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An open letter to a candidate for political office

The Professor

Ms Shrina Kurani,

On 30 October I received from you a blast email requesting that I contribute to your political campaign. For reasons explained below, I’ll not do so. (The one and only time that I contributed money to a candidate for political office was 25 years ago and that was to a friend who ran as a Republican and, as it turned out, unsuccessfully.)

You’re running as a Democrat for one of California’s seats in the US House of Representatives. In your confusingly worded email you write that you are running for Congress because you’re

tired of the GOP’s unwillingness to care about our community. Our district has been misrepresented for long enough by conservative politicians who are too busy helping themselves, their political party and their corporate donors to address real problems.

I say “confusingly worded” because, when I first read the above passage, I initially thought – before your meaning came through – that you are protesting what you take to be the GOP and its corporate donors’ devoting excessive time and attention to addressing real problems. But inelegant composition can be overlooked. Let’s stick to substance.

If elected, you promise

to dive into issues to ensure our communities feel safe, healthy and have opportunities to succeed in fulfilling careers.

Sounds lovely. Who doesn’t want to be safe and healthy, and to “have opportunities” in addition to a successful and fulfilling career?

Because this line is featured prominently in your email pitch, I assume that your opponent is on record as favouring communities that feel unsafe and unhealthy. I assume also that your opponent specifically wishes citizens of your district to be denied opportunities as they languish in unsuccessful and unfulfilling dead-end jobs. After all, why would you – who later in your email boasts of being ‘fact-based’ – consume your readers’ precious time and attention by expressing your support for these outcomes if these are not ones that your opponent wishes to thwart? I trust that in future emails, unlike in the one that I received yesterday, you’ll share evidence of your opponent explicitly speaking out against safety and expressing his belief that citizens of your district should stop aspiring to successful and fulfilling careers.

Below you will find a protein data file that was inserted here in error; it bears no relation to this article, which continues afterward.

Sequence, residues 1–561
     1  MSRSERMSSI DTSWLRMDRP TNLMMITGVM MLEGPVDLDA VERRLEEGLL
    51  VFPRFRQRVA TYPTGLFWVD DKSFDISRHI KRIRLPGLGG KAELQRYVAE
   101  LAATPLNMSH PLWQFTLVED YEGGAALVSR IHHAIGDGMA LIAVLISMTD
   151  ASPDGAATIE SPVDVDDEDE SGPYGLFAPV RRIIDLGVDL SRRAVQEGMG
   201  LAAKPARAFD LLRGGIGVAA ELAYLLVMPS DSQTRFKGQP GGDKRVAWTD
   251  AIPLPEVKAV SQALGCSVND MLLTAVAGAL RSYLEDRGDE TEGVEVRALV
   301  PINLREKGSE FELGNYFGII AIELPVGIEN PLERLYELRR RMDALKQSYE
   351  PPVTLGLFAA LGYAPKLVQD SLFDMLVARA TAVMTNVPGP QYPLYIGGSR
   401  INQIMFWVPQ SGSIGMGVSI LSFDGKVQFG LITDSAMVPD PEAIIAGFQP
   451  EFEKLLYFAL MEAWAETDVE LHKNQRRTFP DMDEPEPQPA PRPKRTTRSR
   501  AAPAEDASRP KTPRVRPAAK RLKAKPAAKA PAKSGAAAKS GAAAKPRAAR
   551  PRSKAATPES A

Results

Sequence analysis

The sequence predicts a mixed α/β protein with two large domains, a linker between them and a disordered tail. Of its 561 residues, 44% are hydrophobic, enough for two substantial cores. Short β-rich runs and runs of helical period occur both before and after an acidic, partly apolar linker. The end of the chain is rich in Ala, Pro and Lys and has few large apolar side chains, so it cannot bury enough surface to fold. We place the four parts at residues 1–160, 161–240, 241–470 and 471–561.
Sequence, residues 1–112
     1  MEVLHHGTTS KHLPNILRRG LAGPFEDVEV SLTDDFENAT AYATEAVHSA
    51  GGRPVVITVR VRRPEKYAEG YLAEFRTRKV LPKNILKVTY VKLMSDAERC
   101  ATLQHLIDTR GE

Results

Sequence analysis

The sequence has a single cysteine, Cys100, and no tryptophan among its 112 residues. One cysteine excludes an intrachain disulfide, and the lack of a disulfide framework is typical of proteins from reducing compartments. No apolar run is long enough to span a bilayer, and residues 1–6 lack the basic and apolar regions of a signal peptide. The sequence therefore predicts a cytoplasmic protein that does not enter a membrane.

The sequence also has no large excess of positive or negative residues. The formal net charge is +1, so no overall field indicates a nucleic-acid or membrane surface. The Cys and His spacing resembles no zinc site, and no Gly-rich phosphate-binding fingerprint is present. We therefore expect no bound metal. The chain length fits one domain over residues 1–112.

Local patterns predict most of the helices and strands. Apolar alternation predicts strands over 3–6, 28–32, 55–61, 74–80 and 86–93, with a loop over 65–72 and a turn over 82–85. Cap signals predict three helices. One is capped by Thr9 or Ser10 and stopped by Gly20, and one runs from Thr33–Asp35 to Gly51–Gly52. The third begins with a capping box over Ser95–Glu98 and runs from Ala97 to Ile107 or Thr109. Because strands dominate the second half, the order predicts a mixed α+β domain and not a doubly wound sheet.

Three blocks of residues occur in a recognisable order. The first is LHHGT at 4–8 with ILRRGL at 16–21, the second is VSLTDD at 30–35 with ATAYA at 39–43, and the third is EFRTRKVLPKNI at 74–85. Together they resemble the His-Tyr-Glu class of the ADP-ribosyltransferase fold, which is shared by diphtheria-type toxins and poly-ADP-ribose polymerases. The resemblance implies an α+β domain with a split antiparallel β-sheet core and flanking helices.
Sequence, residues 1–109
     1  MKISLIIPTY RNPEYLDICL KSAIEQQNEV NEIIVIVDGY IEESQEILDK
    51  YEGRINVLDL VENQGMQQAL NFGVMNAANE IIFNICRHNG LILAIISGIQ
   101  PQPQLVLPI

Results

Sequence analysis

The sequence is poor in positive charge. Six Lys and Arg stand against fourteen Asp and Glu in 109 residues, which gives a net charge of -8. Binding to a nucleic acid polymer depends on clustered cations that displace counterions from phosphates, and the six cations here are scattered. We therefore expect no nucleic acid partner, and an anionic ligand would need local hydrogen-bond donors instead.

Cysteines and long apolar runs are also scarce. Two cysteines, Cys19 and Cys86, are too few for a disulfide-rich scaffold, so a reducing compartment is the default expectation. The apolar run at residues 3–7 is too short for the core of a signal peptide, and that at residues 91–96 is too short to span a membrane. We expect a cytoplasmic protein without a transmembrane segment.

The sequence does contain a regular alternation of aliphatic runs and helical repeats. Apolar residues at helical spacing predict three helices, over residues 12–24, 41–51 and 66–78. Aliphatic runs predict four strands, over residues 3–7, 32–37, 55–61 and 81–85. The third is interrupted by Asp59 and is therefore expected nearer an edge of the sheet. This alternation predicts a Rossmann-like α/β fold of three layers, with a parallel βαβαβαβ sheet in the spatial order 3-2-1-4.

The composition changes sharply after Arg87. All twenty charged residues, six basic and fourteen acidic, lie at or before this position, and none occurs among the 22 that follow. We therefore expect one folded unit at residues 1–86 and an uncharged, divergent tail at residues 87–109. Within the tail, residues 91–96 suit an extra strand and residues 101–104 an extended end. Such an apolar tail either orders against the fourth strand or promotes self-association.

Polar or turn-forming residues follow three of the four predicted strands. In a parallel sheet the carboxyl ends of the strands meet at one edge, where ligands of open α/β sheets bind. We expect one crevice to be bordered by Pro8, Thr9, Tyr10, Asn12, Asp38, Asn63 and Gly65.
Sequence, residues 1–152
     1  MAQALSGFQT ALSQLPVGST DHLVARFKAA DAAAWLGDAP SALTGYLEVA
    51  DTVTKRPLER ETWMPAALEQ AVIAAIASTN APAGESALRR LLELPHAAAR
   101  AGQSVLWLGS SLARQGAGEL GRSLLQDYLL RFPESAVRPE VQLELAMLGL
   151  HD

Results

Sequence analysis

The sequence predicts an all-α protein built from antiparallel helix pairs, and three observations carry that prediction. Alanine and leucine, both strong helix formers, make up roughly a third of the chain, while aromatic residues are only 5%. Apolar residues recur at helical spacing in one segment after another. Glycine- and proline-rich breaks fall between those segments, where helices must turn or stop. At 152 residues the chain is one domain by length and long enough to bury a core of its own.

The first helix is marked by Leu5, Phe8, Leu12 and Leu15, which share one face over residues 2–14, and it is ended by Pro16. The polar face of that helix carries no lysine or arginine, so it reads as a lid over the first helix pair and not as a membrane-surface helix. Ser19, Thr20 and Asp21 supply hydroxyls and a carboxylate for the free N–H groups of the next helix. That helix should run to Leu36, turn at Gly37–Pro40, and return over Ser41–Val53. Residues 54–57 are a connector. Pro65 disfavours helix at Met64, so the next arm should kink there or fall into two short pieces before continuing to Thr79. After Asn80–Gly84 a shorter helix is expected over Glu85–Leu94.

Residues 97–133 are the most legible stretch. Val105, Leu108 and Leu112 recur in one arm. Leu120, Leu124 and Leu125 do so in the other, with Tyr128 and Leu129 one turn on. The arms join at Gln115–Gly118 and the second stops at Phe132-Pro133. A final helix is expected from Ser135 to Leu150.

But there is no substance

To my disappointment, as I read through your email, I also failed to find any mention of just what policies you propose to enact in order to make the people of California’s 42nd district safer, healthier and more successful and fulfilled. Why be coy with details?

From your email I did learn that you’re an entrepreneur who

The Professor

About Donald J Boufreaux

Donald J Boudreaux is a senior fellow with American Institute for Economic Research and with the FA Hayek Program for Advanced Study in Philosophy, Politics and Economics at the Mercatus Center at George Mason University; a Mercatus Center Board Member; and a professor of economics and former economics-department chair at George Mason University. He is the author of the books The Essential Hayek, Globalization, Hypocrites and Half-Wits, and his articles appear in such publications as the Wall Street Journal, New York Times, US News & World Report as well as numerous scholarly journals. He writes a blog called Cafe Hayek and a regular column on economics for the Pittsburgh Tribune-Review. Boudreaux earned a PhD in economics from Auburn University and a law degree from the University of Virginia.

Articles by Donald J Boufreaux

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